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  • Writer's pictureLotus Do

Hormone Check, 1, 2, 3!

Updated: Dec 15, 2021

Did you know that medical providers are beginning to wonder if Spironolactone, an androgen blocker, should always be prescribed with Estrodial for feminizing Hormone Replacement Therapy (HRT)?


There are more and more studies and women reporting negative mild to severe side effects of Spironolactone, including brain fogginess, muscle atrophy, increased cortisol, weight gain, decreased sex drive, and even decreased breast tissue growth. You can read more about the history of Spironolactone and the many possible contraindications in Beverly Cosgrove's "The Case Against Spironolactone" (2019) here: https://moderntranshormones.com/2018/01/01/whats-wrong-with-spironolactone/


Did you know that you can adjust your HRT treatment?


When I first started HRT years ago, I assumed my medical provider knew what dosage was best for me. She was kind and supportive of my transition, which was more than I had dreamed of. I did not connect my mood swings and fatigue with my HRT cycle at all. It was not until I was exploring a transgender online forum that someone mentioned that they shortened their HRT cycle from 7 days to 5 days because they were feeling depressed at the end of their cycle did I begin wondering if I wasn't on my optimal HRT regiment. Since then, I have monitored mood and physical symptoms in comparison with my HRT cycle, worked with my medical provider and adjusted my HRT dosage several times. After almost 4 years, I am very grateful to say that it feels like I am finally at my ideal HRT regiment.


Most medical provider refer to a range of what is considered "normal" or "acceptable" levels of Testosterone and Estrodial to guide their HRT prescriptions. What this means is that medical providers need our input to ensure that we are on our optimal regimen, otherwise they will just be following a standardized table. For example, because a "standard" level of Testosterone in an adult male ranges from 300 - 1,000 ng/dl, a medical provider with all of the good intentions may continue prescribing a particular dose of Testosterone Cypionate to someone who is testing within that range, regardless of the individual's body type, size, gender identity, transition goals and mental health history. There are more and more medical providers that are sharing about improving gender-affirming practices to be more patient-centered and inclusive of genderqueer, non-binary and gender fluid folks. Check out Dr. Madeline Deutsch's Guidelines for Primary and Gender-Affirming Care of Transgender and Gender Nonbinary People: https://transcare.ucsf.edu/guidelines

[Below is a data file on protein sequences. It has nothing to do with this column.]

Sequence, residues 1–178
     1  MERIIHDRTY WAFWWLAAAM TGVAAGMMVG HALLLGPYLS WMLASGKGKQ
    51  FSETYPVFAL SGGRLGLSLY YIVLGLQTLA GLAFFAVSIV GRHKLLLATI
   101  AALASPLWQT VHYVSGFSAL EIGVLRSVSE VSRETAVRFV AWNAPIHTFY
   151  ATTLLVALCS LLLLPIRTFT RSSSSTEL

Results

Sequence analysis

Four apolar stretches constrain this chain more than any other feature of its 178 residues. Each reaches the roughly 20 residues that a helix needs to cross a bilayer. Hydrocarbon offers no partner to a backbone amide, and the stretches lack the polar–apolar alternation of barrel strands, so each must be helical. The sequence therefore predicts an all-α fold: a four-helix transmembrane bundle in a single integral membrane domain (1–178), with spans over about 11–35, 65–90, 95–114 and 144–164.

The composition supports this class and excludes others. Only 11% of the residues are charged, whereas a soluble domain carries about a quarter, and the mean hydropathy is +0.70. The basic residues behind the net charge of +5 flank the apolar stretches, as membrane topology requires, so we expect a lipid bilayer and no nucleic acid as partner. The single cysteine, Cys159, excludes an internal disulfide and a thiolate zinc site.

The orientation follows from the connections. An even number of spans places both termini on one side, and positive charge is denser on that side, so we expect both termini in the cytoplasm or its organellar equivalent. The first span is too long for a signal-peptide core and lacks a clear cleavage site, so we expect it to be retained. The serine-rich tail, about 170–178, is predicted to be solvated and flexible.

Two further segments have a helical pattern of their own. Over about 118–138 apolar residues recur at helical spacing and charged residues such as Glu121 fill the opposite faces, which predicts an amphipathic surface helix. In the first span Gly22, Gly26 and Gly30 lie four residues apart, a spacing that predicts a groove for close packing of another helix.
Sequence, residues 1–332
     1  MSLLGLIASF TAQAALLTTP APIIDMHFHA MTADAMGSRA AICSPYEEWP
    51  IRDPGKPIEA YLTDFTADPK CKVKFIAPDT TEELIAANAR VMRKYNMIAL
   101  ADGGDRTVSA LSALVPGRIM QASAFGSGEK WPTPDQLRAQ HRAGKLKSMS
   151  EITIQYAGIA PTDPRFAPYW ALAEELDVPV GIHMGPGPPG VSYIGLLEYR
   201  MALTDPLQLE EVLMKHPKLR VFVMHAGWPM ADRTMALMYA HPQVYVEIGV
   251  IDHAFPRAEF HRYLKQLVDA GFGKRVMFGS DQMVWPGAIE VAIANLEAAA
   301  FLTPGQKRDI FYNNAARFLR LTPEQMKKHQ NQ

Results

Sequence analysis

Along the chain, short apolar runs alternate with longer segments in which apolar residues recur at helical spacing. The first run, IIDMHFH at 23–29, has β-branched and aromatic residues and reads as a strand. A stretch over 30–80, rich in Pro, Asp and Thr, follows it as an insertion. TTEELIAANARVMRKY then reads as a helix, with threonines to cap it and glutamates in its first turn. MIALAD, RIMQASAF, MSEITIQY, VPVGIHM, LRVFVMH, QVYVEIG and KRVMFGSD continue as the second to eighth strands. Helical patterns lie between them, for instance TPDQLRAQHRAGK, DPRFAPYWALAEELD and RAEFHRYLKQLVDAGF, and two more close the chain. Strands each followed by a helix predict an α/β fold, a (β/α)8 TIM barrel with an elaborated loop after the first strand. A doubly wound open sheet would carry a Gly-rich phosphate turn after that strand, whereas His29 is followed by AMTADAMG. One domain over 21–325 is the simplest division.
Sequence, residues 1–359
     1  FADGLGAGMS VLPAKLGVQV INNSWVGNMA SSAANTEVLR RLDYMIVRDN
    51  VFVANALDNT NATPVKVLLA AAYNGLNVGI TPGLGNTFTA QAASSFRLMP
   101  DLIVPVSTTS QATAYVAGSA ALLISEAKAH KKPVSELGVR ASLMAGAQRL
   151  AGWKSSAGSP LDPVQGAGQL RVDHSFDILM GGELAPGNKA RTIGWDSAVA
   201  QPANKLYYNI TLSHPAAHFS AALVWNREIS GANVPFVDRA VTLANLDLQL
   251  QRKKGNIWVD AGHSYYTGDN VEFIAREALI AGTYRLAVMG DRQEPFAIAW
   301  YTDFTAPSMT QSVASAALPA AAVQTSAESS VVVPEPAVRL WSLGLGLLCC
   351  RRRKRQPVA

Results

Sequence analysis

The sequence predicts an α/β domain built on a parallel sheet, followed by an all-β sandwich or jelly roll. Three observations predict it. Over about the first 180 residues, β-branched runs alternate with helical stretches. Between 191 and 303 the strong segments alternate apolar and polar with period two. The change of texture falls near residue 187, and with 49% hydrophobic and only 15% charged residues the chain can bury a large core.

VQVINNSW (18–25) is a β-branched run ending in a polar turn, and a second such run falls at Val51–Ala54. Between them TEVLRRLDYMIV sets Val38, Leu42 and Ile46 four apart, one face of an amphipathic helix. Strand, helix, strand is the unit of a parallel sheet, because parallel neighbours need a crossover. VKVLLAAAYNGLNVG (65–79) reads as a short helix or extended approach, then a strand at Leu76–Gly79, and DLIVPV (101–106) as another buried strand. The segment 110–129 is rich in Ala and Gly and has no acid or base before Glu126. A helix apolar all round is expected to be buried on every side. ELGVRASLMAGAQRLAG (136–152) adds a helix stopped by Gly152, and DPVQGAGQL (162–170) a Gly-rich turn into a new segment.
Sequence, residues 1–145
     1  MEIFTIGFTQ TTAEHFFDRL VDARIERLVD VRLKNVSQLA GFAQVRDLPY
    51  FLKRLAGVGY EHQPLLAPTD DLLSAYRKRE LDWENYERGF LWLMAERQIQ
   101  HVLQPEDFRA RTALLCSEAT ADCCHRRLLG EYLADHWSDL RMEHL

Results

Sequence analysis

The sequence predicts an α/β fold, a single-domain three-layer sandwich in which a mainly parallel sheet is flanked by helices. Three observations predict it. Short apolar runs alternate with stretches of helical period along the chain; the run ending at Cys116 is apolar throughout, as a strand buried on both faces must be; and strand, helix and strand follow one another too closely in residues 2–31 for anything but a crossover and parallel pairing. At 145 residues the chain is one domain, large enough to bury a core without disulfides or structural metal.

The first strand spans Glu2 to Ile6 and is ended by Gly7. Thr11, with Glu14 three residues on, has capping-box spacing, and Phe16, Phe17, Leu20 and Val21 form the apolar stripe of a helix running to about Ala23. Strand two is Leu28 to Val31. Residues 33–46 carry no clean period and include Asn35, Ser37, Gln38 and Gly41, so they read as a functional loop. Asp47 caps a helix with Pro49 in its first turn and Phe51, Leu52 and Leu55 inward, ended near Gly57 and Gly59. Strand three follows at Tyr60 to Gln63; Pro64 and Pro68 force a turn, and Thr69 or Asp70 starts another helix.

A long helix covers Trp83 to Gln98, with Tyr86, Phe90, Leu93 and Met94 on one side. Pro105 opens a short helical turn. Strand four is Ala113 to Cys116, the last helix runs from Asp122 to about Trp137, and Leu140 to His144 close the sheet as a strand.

If you are on HRT or considering starting, I recommend doing Hormone Check-In's with yourself.

Try different check-in's and see what feels best. For starters, you can try these three:


1. When did I get my labs last?

Did you know that labs are recommended every 3 months for the first year, and every 6-12 months after that?

If you are thinking about starting HRT, be prepared to get labs done to establish a baseline to work with.

If you have been on HRT, make sure that you are getting your labs done to ensure that you may not be experiencing unintended or unwanted symptoms of HRT. For example, because our bodies naturally try to maintain balance, it may create more of the hormone that triggers gender dysphoria (let's say estrogen) for you if your HRT (let's say testosterone) levels are too high. This happens often with folks that are taking HRT without access to medical support.


2. What do I notice the day I take my HRT? The day after?

Do I notice any emotional symptoms, like feeling depressed? Am I angry or crying suddenly?

Do I notice any physical symptoms, like feeling energetic or tired? Do I have brain fog or racing thoughts?


3. What do I notice the day before my HRT?

Do I notice any emotional symptoms?

Do I notice any physical symptoms?


Try journaling for 1 week or 1 month. Check out if there are any patterns that may be connected to your HRT cycle.


"Best Practices" evolve over time with practice experience, patient report, and research. As you can imagine, this process takes time. Often, those that are harmed by oversight or malpractice during this practice are those that are already marginalized. HRT best practices are based on the archaic Harry Benjamin ideas that focus on transition outcome, and not necessarily our quality of life as we medically transition or our identities. There are many things that we have normalized within our communities, such as the "T rage" or loss of libido, which may actually be influenced by HRT regiments that aren't optimal for the person.


You don't have the suffer in silence, or alone.

We all deserve care catered to our specific needs and with the right medical provider, we can get that.





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